In discussions with Wall Street executives, Republicans are striving to make the case that they are banks' best hope of preventing President Barack Obama and congressional Democrats from cracking down on Wall Street....
"I sense a lot of dissatisfaction and a lot of buyer's remorse on Wall Street," said Rep. Eric Cantor (R., Va.), the second-ranking House Republican and a top Wall Street fund-raiser for his party.
Which "crackdown"? The one for criminal fraud on CDO's? The one for criminal fraud on MBSs? The one for 'frontrunning' trades? Or for passing off MBS' as 'good stuff' to investors while short-selling the damn things? Or the matter of valuing Merrill Lynch while chairing BofA?
Next, the Stupids will be wheedling and pleading for TEA Party activists.
I have a two-word response for the Stupids.
Germane commentary from Baseline Scenario:I testified yesterday to the Senate Banking Committee hearing on the “Volcker Rules” (full pdf version; summary). My view is that while the principles behind these proposed rules are exactly on target – limiting the size of our largest banks and preventing any financial institution backed by the government, implicitly or explicitly, from taking big risks – the specific rule changes would need to be much tougher if they are to have any effect.
He goes on to state that Goldman would have failed in 2008 except for its sudden gain of a "banking charter"--and names ANOTHER Goldman exec who, just by co-incidence, was a NYFed governor.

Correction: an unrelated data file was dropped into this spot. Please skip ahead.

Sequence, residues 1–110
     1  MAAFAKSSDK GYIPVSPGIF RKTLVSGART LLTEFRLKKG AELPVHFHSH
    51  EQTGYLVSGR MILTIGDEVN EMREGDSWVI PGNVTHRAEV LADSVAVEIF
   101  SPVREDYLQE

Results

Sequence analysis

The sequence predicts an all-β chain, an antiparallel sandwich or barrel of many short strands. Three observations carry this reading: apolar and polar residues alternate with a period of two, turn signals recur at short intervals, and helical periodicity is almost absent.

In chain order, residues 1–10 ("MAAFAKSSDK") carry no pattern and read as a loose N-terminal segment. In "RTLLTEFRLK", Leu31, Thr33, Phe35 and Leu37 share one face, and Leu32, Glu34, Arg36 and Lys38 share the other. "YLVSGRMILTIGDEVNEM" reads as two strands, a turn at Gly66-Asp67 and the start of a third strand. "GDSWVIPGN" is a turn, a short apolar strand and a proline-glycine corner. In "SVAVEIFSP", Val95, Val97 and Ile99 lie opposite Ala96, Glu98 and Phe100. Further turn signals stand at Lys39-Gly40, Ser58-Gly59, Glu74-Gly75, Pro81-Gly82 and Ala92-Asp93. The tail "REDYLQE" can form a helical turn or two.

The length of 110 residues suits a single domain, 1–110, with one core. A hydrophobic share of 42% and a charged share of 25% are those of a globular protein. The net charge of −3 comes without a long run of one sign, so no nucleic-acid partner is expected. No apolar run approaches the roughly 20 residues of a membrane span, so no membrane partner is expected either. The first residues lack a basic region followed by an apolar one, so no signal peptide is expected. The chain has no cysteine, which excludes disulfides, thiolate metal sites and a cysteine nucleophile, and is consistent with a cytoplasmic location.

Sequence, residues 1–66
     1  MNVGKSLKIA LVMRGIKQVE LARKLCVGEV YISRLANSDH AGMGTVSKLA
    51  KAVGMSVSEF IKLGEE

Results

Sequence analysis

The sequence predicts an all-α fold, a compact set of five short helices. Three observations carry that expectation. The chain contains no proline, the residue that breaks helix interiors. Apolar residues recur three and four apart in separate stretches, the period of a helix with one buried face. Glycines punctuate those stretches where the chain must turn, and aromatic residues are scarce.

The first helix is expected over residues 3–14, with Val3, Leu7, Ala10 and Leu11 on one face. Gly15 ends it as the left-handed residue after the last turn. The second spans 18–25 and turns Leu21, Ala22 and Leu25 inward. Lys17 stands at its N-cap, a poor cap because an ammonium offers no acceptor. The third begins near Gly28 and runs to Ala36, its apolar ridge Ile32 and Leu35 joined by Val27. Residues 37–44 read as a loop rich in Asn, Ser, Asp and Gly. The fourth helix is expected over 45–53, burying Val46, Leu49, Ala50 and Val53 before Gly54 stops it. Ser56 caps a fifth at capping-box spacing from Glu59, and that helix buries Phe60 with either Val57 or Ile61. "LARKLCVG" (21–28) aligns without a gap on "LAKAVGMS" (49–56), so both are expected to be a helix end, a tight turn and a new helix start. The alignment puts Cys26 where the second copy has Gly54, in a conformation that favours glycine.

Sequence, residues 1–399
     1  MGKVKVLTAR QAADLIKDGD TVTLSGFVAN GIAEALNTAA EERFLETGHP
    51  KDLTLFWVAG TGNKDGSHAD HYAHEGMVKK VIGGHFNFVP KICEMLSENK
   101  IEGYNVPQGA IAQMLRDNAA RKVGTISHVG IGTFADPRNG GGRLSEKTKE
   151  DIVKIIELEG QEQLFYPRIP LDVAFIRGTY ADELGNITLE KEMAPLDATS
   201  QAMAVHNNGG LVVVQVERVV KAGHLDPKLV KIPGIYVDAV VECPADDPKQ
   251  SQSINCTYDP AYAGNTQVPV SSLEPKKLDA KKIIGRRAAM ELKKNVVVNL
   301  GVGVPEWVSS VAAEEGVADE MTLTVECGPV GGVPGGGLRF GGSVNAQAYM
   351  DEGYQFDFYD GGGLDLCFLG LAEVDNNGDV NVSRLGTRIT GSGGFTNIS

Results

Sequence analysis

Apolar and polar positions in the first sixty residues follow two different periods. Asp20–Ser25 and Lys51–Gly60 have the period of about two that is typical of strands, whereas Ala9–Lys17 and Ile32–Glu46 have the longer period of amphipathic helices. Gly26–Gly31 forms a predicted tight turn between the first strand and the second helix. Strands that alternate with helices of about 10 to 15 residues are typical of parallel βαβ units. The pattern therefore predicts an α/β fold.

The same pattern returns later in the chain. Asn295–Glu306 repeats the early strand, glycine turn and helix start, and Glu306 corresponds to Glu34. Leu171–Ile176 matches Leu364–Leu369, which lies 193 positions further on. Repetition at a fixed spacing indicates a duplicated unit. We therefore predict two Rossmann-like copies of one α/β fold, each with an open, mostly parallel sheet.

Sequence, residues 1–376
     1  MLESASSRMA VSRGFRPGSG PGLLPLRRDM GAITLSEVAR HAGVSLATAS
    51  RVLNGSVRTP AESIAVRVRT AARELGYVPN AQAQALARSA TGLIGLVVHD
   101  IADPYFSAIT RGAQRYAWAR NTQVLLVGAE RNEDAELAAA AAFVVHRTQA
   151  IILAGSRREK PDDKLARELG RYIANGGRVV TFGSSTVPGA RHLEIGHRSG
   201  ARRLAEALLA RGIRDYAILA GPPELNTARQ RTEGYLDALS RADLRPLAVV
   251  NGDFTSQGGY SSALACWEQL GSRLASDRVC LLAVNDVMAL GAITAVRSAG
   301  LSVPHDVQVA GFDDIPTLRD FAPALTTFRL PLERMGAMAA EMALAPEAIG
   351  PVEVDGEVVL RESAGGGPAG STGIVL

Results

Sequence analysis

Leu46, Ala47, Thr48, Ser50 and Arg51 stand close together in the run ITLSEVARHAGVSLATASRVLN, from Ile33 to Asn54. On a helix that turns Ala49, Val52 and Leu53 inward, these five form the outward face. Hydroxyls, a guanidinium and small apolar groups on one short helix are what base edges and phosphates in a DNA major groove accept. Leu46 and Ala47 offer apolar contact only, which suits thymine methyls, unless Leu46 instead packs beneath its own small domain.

The Republicans (and Goldman Sachs) want a “resolution authority” that would give the government greater power to take big banks through bankruptcy. But even assuming there were sufficient political will to use such power, as Mr Corrigan and John Reed conceded at yesterday’s hearing, because this would be only US-centric (and there is no prospect of a G20 or other international agreement anytime soon) it simply would not work for huge cross-border firms. When such a firm fails – and Mr Corrigan made a point of emphasizing that half of Goldman’s meteoric growth since 1997 has been “global” – a resolution authority will do you no good at all.
...Goldman and the other big Wall Street firms have already won big on this round. They will plow even more money into defeating political candidates who have opposed them – for example, on credit card legislation. The Republicans see this coming and are rubbing their hands with glee.
With their incentive structure intact – they get the upside and regular folk get the downside – and their closest friends on their way back to power, Big Finance is ready to roll into the next great global boom-bust cycle.Well, that's another reason to:
1) Buy More Ammo, and
2) F*&^ the Republican establishment.